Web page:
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The Lonely Voice: "The Overcoat" by Gina Berriault

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“The Lonely Voice” features acclaimed author Peter Orner discussing short stories you might not have heard about but that we believe help us understand that even in our “intense awareness of human loneliness” — as Frank O'Connor called it — we are connected.

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In his memoir in essays, "Am I Alone Here," Peter Orner includes an essay about Frank O’Connor that reinforces many of my own thoughts on the short story. The title of this short series is taken from O’Connor’s book "A Lonely Voice: A Study of the Short Story." It is a work Orner believes to be one of the few out there about the short story that mostly gets it right.

I remember encountering that essay a few years ago and experiencing a pang of a resonance that was so strong it made me swoon a little — the way perhaps we all feel when a writer seems to have read our minds or echoed something we have thought only in the quiet of our own souls.

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The feeling was doubly palpable when I read Orner’s essay about Gina Berriault.

I first discovered the work of Gina Berriault in 1990 — her book "The Infinite Passion of Expectation." I never met another soul who knew who she was or appreciated her stories as much as Peter Orner seemed to.

I was also aware that he wrote the introduction of the 2017 edition of Berriault's collection "Women in Their Beds." In that essay, Orner discusses Berriault’s story “The Overcoat.” Yes, that’s the title. Most readers know Gogol’s “The Overcoat,” and this is Berriault's homage to him. And what a tribute it is.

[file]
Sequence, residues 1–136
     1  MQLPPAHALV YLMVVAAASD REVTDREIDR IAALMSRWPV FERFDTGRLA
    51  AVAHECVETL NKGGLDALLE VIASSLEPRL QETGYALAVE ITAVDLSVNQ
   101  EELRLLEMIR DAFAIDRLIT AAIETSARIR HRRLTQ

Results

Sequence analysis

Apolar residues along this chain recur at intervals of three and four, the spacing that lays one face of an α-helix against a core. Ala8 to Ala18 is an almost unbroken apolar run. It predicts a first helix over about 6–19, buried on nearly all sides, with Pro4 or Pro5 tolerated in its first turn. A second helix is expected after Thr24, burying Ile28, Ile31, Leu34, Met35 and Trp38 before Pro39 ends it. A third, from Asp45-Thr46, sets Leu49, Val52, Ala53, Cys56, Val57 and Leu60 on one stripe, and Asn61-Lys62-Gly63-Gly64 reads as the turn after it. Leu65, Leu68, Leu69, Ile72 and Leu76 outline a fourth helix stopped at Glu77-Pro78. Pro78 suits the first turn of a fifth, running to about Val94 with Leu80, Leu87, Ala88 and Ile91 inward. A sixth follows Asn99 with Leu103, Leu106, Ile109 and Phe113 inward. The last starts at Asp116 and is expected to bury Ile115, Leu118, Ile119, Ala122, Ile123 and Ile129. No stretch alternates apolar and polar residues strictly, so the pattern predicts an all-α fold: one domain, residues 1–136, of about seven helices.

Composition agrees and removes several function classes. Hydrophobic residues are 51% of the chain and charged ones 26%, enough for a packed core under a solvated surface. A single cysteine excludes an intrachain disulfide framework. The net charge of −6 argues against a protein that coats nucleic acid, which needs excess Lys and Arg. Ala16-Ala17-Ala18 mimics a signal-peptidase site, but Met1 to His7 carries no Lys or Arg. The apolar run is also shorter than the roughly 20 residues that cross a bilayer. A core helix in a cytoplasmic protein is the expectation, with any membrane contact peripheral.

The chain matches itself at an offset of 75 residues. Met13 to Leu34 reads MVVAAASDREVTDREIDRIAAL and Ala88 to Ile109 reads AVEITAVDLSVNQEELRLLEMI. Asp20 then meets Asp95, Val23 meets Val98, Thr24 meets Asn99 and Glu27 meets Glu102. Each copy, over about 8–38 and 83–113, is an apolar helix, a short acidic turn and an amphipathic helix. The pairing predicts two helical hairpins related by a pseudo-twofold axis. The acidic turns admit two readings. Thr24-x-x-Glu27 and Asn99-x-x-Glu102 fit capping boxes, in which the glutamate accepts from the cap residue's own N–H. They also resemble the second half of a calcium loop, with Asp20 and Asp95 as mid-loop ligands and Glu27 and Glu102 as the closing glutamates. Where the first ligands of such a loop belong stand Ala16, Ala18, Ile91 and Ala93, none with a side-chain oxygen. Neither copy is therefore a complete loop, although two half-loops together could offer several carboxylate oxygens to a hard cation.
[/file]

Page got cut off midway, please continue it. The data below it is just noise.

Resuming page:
“This is Berriault. Even when it’s too late, even when it’s long past too late, characters grip their humanity, like Gogol’s clerk, with a vigor even they don’t know they have,” Orner writes about Gina Berriault’s “The Overcoat.”

When I interviewed Peter Orner about his latest story collection, "Maggie Brown & Others," he described the influence that Gina Berriault has had on his work. We soon discovered that we share a passion for other writers that are unsung and un-anthologized. We rather enjoy keeping the stories to ourselves in some ways. The books and stories are like the gold coins the miser counts out and then secrets away again, thinks about in stolen moments because they make bearable a world that may not treasure stories — really, really good stories.

But we also feel that there might be no better time to spill the secrets — these small, quiet masterpieces — that show us that even when we are at our most intensely lonely, we are one voice in a grand euphonious chorus.

This is episode 1 of "The Lonely Voice" on Book Public: “The Overcoat” by Gina Berriault.

Yvette Benavides can be reached at bookpublic@tpr.org.